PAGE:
Corpus: Stage 1 of the analysis (Spoken data) SpainAustriaFinland Whole-class discussion 1 History1 Geography1 Biology Group work1 History 1 Chemistry 1 History 1 Physics Coding UAM Corpus Tool by Mick O’Donnell Downloadable from http://www.wagsoft.com
Summary of results (Cross-sectional/Spoken) I Activity type More appraisal in group work than in whole-class discussions. However, breaking this down by the different types of appraisal and how they interact with subject area, and national contexts, engagement is more frequent in group work than in whole-class discussions. This means that in group work the students either acknowledge or ignore different points of view and negotiate a space for their own positions.
Summary of results (Cross-sectional/Spoken) II Subject area Surprisingly, more appraisal overall in the physical sciences than in the social sciences. However, a closer look at the data shows that the appraisal area of engagement was playing an important role in science, as well as epistemic self-judgement (in terms of what students deemed themselves to know). On the other hand, attitude seems to be more frequent in the social sciences, where students seem to be showing more emotional reactions towards people and things.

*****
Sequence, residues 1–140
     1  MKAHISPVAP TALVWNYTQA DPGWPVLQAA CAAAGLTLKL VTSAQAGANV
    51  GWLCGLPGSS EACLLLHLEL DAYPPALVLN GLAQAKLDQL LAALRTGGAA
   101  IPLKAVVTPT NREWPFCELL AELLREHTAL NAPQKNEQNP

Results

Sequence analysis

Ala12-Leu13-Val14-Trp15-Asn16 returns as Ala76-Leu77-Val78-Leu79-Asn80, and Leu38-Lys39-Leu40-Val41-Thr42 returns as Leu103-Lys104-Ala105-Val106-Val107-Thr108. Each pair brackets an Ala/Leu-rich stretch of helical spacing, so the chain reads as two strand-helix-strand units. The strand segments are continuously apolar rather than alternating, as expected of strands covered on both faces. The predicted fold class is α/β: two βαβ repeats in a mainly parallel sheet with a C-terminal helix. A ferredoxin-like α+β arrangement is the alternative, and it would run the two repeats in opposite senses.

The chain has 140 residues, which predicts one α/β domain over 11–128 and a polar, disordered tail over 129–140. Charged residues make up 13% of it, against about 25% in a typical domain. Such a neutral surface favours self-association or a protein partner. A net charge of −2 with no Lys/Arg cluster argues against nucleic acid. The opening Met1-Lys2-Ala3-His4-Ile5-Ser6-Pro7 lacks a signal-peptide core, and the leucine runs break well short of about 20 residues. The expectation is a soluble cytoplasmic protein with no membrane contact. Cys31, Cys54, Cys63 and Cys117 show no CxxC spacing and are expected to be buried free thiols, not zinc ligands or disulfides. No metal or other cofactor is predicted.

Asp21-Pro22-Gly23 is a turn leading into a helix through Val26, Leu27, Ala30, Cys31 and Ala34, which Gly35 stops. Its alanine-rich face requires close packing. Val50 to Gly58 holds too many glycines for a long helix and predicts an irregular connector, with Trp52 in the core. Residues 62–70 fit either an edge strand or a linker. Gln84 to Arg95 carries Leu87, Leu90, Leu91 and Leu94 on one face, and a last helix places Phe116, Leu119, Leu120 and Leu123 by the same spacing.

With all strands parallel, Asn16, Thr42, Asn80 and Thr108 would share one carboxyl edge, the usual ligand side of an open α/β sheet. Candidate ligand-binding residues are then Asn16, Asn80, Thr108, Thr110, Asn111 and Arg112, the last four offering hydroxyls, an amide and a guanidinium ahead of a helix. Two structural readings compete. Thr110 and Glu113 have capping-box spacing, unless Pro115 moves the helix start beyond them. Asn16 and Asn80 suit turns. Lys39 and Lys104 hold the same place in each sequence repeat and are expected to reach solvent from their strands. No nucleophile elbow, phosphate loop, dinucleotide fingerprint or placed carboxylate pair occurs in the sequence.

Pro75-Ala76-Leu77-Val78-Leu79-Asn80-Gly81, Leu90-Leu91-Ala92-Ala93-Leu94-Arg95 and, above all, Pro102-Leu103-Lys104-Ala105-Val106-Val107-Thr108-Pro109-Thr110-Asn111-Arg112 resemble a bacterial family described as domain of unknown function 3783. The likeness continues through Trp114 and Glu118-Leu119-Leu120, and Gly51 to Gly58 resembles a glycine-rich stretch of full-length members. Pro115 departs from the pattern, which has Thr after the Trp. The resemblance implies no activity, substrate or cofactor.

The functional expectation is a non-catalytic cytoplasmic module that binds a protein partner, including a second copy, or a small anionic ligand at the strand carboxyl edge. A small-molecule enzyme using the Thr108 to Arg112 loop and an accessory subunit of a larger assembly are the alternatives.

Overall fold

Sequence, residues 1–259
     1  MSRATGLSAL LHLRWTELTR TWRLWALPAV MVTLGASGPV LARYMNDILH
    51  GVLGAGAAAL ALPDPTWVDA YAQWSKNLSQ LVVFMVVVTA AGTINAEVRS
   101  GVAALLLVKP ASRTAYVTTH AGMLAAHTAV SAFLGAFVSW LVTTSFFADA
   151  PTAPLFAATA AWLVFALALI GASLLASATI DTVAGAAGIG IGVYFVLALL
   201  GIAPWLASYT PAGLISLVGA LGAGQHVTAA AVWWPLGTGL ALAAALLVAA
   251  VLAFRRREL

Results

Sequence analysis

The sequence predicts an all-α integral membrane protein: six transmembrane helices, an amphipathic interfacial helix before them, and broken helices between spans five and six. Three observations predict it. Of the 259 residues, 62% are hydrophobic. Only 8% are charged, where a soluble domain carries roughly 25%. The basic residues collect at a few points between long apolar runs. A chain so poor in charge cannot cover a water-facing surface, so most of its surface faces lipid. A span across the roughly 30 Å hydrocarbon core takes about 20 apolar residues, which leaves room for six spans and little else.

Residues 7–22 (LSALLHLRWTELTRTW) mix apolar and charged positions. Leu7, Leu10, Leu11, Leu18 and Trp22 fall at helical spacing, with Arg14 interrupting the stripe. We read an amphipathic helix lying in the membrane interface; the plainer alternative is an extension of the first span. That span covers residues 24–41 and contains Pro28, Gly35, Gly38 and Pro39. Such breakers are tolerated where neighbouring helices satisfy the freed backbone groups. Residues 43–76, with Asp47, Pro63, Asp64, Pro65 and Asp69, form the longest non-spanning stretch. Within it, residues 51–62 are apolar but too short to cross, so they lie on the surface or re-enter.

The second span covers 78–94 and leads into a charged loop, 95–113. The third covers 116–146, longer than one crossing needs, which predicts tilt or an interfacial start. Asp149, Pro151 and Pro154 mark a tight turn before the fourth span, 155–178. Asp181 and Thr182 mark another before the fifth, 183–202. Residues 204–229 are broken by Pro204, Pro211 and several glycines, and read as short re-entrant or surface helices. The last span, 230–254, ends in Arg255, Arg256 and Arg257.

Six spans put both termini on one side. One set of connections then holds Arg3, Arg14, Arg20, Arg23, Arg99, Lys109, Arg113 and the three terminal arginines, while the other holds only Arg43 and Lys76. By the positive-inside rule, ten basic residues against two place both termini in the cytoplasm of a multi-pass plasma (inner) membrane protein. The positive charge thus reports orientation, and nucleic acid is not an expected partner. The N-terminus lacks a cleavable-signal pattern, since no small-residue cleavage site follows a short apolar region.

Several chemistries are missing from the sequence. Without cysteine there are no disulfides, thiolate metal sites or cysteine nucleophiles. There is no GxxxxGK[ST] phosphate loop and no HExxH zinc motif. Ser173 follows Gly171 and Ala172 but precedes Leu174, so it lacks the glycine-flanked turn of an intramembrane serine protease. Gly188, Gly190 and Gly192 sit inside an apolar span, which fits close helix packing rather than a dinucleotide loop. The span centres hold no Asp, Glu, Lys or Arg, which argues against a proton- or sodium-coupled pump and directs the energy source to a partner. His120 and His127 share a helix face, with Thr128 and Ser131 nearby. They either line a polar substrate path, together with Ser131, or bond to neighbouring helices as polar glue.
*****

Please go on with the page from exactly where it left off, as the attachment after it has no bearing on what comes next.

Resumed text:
Summary of results (Cross-sectional/Spoken) III National Context The Spanish context showed more appraisal overall. The Spanish group work sessions were particularly rich in appraisal phenomena. The Austrian context stood out for its low levels of appraisal overall, and according to activity type and subject area. Much of this appraisal was done in German. The Finnish data had more appraisal in whole-class discussions than in the other two contexts.
Corpus: Stage 1 of the analysis (Written data) 16 students’ essays in 4 grades (grade 7-10) Approx. 11,000 words Coding UAM Corpus Tool by Mick O’Donnell Downloadable from http://www.wagsoft.com
Summary of results I (written/longitudinal) There seems to be some development over the 4 years in the use of APPRAISAL resources (e.g. move to recorder voice in Historical Account). This shows students are beginning to construct the "voices" of the secondary school historian.
Summary of results II (written/longitudinal) Better texts show greater variety of APPRAISAL SYSTEMS Better texts make less (and different) use of Graduation.
Further stages Analyse appraisal and other features of the interpersonal function in other activities Analyse the language used for specific types of appraisal Compare the same students’ use of appraisal in spoken and written texts on the same topic. Compare the students’ evaluative performance with that of parallel classes in the L1 Study CLIL students’ development in the use of interpersonal resources (from 7th to 12th grade) Compare CLIL and EFL students’ use of interpersonal resources Use ethnographic information (carrying out qualitative analysis) to look more closely at the specific types of activity they were doing (i.e. classification task in lab experiment). Examining the relationship between CLIL students’ use of evaluative language and the roles inherent in the different activity types they were involved in, focusing on possible differences and similarities across subjects and contexts (Goffman’s 1981 notion of participation framework). Dig deeper not only into language use but also into classroom cultures.